Classically, the unfolded protein response (UPR) safeguards secretory pathway proteostasis. The most ancient arm of the UPR, the IRE1-activated spliced X-box binding protein 1 (XBP1s)-mediated response, has roles in secretory pathway maturation beyond resolving proteostatic stress. Understanding the consequences of XBP1s activation for cellular processes is critical for elucidating mechanistic connections between XBP1s and development, immunity, and disease. Here, we show that a key functional output of XBP1s activation is a cell type-dependent shift in the distribution of N-glycan structures on endogenous membrane and secreted proteomes. For example, XBP1s activity decreased levels of sialylation and bisecting GlcNAc in the HEK293 membrane proteome and secretome, while substantially increasing the population of oligomannose N-glycans only in the secretome. In HeLa cell membranes, stress-independent XBP1s activation increased the population of high-mannose and tetraantennary N-glycans, and also enhanced core fucosylation. mRNA profiling experiments suggest that XBP1s-mediated remodeling of the N-glycome is, at least in part, a consequence of coordinated transcriptional resculpting of N-glycan maturation pathways by XBP1s. The discovery of XBP1s-induced N-glycan structural remodeling on a glycome-wide scale suggests that XBP1s can act as a master regulator of N-glycan maturation. Moreover, because the sugars on cell-surface proteins or on proteins secreted from an XBP1s-activated cell can be molecularly distinct from those of an unactivated cell, these findings reveal a potential new mechanism for translating intracellular stress signaling into altered interactions with the extracellular environment.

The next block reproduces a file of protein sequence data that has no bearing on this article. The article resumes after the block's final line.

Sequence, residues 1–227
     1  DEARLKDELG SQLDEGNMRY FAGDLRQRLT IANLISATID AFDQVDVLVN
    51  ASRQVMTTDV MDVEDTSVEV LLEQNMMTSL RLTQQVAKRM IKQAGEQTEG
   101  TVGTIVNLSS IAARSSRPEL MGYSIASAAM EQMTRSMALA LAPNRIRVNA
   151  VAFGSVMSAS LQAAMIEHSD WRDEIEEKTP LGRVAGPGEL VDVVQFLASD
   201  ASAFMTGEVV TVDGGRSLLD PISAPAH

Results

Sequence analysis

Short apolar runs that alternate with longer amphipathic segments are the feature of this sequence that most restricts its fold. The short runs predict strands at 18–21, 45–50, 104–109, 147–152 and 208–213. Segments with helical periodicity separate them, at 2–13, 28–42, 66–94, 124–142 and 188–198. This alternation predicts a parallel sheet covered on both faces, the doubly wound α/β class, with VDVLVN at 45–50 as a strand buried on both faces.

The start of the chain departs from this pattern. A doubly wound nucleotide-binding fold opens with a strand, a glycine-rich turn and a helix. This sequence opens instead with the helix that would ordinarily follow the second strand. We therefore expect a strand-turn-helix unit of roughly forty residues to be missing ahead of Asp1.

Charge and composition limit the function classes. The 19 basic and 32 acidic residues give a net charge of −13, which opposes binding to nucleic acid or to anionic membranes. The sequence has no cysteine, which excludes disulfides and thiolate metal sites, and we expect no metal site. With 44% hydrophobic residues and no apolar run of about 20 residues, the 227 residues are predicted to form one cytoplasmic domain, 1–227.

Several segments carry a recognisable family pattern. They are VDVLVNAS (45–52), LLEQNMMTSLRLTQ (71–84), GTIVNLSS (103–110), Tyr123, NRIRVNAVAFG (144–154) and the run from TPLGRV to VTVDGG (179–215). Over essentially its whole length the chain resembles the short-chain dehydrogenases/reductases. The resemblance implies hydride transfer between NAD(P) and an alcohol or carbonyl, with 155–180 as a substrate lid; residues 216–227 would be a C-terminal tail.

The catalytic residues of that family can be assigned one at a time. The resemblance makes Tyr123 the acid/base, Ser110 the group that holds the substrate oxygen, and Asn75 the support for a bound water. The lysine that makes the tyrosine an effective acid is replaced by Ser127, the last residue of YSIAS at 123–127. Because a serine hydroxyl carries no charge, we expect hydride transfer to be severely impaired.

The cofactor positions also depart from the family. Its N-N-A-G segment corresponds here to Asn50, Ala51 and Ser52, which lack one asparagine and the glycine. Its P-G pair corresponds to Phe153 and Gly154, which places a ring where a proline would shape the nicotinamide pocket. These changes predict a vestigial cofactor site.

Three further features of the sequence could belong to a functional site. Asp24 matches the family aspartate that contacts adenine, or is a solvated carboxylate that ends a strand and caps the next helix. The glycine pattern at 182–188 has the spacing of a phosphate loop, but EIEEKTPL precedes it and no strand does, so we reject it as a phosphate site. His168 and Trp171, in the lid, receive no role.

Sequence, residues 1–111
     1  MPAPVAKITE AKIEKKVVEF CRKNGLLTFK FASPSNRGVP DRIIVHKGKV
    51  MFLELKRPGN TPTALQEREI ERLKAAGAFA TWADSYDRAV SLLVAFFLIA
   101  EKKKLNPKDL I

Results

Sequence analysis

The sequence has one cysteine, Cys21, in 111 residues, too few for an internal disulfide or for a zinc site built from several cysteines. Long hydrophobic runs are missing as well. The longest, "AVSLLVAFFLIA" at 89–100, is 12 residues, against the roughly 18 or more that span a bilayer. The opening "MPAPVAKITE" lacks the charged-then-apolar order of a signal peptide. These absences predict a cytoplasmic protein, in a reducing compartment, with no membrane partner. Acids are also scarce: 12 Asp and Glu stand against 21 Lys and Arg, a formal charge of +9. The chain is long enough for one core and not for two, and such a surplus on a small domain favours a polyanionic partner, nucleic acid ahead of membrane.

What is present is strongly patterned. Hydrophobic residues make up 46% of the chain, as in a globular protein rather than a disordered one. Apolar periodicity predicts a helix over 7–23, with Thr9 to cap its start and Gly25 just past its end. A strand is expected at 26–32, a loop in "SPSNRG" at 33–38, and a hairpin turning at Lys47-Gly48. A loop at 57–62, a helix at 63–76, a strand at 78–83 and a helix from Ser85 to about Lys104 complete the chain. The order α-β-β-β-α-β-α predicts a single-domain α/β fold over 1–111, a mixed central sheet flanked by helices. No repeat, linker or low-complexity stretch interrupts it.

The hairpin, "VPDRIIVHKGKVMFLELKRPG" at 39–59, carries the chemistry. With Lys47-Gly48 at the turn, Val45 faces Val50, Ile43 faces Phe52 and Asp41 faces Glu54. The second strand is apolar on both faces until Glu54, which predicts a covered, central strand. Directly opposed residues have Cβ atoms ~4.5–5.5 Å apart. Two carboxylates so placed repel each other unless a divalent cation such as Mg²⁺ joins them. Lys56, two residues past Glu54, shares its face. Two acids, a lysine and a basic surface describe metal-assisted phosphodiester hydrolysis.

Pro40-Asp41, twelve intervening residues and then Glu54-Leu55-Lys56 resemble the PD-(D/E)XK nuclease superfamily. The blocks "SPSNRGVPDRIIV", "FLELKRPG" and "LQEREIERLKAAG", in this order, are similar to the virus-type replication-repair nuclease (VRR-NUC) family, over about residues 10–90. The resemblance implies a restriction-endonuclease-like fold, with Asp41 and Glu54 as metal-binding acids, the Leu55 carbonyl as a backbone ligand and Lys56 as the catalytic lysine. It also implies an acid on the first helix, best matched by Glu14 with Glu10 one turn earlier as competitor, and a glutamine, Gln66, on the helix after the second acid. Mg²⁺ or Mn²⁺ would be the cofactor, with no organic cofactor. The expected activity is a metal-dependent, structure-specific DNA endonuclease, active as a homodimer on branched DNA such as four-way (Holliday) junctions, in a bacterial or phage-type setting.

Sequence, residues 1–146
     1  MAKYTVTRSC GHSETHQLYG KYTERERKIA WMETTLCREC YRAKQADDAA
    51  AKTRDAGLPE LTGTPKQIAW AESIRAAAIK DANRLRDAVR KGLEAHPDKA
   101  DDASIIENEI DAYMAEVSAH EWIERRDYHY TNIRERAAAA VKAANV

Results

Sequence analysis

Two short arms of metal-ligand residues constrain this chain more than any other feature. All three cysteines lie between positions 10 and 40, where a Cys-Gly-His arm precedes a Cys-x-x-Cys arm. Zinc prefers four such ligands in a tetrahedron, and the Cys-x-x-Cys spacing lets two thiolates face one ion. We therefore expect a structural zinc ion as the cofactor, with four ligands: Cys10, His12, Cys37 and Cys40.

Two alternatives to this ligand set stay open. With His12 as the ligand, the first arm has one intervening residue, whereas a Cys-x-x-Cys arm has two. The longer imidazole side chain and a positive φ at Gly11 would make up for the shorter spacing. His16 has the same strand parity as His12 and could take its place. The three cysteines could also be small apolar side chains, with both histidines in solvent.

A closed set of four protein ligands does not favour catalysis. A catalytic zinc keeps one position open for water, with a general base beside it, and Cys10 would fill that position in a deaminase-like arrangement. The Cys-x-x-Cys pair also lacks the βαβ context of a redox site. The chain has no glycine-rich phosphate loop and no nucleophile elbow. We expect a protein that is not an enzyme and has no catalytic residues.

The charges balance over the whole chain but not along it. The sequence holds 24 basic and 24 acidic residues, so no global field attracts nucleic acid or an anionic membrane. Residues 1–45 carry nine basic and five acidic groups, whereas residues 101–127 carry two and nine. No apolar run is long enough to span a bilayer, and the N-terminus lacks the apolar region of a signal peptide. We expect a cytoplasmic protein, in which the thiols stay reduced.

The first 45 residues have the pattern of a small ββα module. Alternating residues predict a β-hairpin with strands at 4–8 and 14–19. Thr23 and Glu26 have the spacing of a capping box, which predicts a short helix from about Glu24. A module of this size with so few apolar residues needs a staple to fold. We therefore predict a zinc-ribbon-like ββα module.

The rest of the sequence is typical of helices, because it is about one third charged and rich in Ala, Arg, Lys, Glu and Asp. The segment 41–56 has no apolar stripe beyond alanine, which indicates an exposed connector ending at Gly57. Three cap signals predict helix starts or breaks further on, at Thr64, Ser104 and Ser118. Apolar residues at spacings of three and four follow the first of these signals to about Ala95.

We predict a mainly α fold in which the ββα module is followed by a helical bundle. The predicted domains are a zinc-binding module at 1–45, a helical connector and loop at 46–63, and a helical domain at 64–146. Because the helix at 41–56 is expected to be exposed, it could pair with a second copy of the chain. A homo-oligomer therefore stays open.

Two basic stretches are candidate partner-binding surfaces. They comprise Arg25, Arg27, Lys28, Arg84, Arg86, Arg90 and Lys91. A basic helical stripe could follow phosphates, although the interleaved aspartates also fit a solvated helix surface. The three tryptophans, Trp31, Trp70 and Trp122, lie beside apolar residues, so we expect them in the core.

|Original language||English (US)|
|Journal||Proceedings of the National Academy of Sciences of the United States of America|
|State||Published - Oct 23 2018|
- Endoplasmic reticulum
- Lectin microarray
ASJC Scopus subject areas